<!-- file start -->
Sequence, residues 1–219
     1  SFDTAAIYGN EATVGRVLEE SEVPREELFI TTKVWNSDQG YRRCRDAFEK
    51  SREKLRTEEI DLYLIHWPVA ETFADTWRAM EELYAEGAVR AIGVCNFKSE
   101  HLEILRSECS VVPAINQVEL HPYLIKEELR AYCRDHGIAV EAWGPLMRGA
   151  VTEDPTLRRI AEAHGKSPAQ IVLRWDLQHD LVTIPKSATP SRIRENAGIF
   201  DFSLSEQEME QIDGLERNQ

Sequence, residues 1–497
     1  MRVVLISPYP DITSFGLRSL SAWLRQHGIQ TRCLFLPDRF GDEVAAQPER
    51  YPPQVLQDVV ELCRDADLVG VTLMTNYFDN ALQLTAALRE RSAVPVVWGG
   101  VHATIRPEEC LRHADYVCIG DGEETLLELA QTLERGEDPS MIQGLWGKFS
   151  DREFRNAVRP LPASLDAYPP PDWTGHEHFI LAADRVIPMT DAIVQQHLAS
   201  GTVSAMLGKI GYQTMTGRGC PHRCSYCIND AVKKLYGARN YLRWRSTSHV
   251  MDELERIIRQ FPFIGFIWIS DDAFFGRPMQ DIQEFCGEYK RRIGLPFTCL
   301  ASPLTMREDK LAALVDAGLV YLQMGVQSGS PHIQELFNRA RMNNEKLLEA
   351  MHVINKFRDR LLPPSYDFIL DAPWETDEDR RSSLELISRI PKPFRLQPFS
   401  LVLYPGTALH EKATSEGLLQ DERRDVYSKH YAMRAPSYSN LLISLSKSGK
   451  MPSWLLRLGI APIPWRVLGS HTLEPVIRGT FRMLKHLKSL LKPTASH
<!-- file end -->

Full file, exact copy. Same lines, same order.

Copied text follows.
Sequence, residues 1–219
     1  SFDTAAIYGN EATVGRVLEE SEVPREELFI TTKVWNSDQG YRRCRDAFEK
    51  SREKLRTEEI DLYLIHWPVA ETFADTWRAM EELYAEGAVR AIGVCNFKSE
   101  HLEILRSECS VVPAINQVEL HPYLIKEELR AYCRDHGIAV EAWGPLMRGA
   151  VTEDPTLRRI AEAHGKSPAQ IVLRWDLQHD LVTIPKSATP SRIRENAGIF
   201  DFSLSEQEME QIDGLERNQ

Sequence, residues 1–497
     1  MRVVLISPYP DITSFGLRSL SAWLRQHGIQ TRCLFLPDRF GDEVAAQPER
    51  YPPQVLQDVV ELCRDADLVG VTLMTNYFDN ALQLTAALRE RSAVPVVWGG
   101  VHATIRPEEC LRHADYVCIG DGEETLLELA QTLERGEDPS MIQGLWGKFS
   151  DREFRNAVRP LPASLDAYPP PDWTGHEHFI LAADRVIPMT DAIVQQHLAS
   201  GTVSAMLGKI GYQTMTGRGC PHRCSYCIND AVKKLYGARN YLRWRSTSHV
   251  MDELERIIRQ FPFIGFIWIS DDAFFGRPMQ DIQEFCGEYK RRIGLPFTCL
   301  ASPLTMREDK LAALVDAGLV YLQMGVQSGS PHIQELFNRA RMNNEKLLEA
   351  MHVINKFRDR LLPPSYDFIL DAPWETDEDR RSSLELISRI PKPFRLQPFS
   401  LVLYPGTALH EKATSEGLLQ DERRDVYSKH YAMRAPSYSN LLISLSKSGK
   451  MPSWLLRLGI APIPWRVLGS HTLEPVIRGT FRMLKHLKSL LKPTASH